The East London Play conference, organized by the play associations of Tower Hamlets and Hackney, was an inspiring mixture of the old and the new – with some pertinent messages for play policy. Adrian Voce was there.
The more regular occupants of Amnesty International’s UK Centre for Human Rights may not often think about children’s play, but once a year in recent times it has hosted an event that highlights the fact that oppression can take many forms. The majority of delegates to the seventh East London Play Conference, held there on Friday, were in no doubt that the current government’s lack of a play policy in the face of ever-increasing pressures on children’s time and space, constitutes a dereliction of one of its key responsibilities under the UN Convention on the Rights of the Child.
There was something of a retrospective theme to this year’s event, or at least a sober reflection that whatever progress there may have been in the last few years, far too many children are still denied real opportunities to play. But there was also a clear-eyed conviction that this movement is strong and getting stronger, whatever the prevailing winds of economic austerity and political disregard.
Keynote speaker Bob Hughes kicked off the proceedings by asking the fundamental questions: what is play, what is playwork and does it work? In particular Bob wants the field to honestly challenge itself to consider whether good practice can replicate for children the “wild” spaces and opportunities of natural environments, which research suggests are vital to the full play experience and therefore to individual children’s fulfillment and the successful evolution of our species.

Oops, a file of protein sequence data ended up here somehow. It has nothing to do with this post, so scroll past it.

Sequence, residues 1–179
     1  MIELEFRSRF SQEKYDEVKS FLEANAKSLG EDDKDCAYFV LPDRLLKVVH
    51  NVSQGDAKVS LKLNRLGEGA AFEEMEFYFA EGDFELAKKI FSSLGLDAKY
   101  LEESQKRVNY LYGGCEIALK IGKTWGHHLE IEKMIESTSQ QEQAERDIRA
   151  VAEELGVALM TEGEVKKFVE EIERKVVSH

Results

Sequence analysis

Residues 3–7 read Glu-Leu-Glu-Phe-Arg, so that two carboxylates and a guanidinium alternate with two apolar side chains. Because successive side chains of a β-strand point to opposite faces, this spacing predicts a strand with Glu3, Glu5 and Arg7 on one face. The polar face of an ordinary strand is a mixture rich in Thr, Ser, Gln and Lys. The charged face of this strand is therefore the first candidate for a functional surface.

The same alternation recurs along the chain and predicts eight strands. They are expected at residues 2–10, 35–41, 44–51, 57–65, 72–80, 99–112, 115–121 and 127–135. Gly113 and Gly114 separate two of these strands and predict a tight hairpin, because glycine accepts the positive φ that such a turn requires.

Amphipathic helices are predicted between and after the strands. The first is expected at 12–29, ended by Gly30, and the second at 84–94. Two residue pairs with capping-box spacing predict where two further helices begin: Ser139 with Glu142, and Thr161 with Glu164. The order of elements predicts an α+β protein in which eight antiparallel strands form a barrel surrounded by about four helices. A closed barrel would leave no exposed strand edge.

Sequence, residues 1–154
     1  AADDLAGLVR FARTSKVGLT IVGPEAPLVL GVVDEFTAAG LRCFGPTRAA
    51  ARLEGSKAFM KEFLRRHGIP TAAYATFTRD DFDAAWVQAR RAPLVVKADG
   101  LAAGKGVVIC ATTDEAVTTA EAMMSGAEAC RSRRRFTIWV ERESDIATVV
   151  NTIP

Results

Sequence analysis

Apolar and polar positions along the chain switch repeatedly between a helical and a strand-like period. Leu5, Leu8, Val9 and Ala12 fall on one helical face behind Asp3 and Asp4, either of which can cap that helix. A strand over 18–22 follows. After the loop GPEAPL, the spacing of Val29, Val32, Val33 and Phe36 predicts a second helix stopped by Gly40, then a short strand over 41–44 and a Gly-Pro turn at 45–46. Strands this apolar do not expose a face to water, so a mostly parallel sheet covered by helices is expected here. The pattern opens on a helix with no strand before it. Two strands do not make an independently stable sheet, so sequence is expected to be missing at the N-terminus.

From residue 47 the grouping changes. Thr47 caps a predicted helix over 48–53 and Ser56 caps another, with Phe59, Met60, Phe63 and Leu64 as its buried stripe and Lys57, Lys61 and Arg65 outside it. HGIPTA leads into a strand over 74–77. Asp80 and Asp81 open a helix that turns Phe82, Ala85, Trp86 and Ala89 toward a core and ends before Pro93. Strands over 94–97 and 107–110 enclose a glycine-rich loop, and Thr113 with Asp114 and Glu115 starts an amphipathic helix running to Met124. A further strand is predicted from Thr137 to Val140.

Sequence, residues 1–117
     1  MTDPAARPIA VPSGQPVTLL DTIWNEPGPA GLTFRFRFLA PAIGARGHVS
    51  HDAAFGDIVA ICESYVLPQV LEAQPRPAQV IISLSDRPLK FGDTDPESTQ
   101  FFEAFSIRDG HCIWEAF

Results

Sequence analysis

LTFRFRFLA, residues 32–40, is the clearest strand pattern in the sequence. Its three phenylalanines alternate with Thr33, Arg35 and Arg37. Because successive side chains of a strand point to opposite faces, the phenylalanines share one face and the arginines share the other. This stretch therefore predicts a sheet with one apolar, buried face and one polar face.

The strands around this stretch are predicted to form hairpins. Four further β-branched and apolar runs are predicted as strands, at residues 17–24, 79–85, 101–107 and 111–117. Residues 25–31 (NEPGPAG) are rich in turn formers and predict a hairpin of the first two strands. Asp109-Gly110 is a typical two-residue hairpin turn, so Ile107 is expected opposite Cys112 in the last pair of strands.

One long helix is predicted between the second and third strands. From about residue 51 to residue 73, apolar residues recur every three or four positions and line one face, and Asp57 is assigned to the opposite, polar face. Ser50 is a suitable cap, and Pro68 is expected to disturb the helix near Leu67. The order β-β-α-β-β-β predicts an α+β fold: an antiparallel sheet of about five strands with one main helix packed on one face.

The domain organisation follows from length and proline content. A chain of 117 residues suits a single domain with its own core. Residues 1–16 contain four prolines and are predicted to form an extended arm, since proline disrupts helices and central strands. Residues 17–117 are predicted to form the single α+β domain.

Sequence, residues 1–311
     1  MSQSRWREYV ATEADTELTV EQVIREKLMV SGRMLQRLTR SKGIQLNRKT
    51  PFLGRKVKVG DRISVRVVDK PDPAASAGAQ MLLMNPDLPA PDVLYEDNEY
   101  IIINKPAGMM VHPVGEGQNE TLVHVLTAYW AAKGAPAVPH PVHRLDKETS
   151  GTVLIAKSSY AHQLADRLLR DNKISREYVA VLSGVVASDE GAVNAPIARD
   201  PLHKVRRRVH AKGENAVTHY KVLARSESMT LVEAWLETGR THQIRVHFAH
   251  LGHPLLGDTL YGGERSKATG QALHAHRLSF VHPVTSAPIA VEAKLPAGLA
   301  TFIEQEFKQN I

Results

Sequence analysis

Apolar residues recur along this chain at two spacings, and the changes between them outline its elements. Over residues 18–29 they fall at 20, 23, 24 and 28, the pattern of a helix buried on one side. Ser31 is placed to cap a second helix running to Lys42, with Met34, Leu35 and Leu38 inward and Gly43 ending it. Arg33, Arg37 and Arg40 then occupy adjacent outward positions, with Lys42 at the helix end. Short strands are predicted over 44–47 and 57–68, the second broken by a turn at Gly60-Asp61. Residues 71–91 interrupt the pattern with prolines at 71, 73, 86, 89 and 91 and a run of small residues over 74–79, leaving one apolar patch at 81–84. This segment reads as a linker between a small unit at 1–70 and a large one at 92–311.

Retrospection here came in the form of the younger, decidedly more hirsute Hughes speaking silently in a video film from the 70s, as the more gnarled present-day version made his case in person. The contrast was striking. His earlier air of almost zealous enthusiasm and conviction has been replaced by a quieter, more sober presence. Bob told us that his message hasn’t changed and, for all that his wit and sparkle are never far away, it was hard to avoid the impression – just occasionally – of disappointment, sadness even, that we are still so far from embedding the playwork ethos within mainstream approaches to designing services and spaces for children. “This is a vocation” he implored us, “you can’t compromise on these things just to pay the mortgage”. The message wasn’t lost to an audience comprising many who face redundancy or redeployment to non-playwork roles.
On the upside, Bob concluded that playworkers can indeed give children the wild play experiences they need if we get the environments right.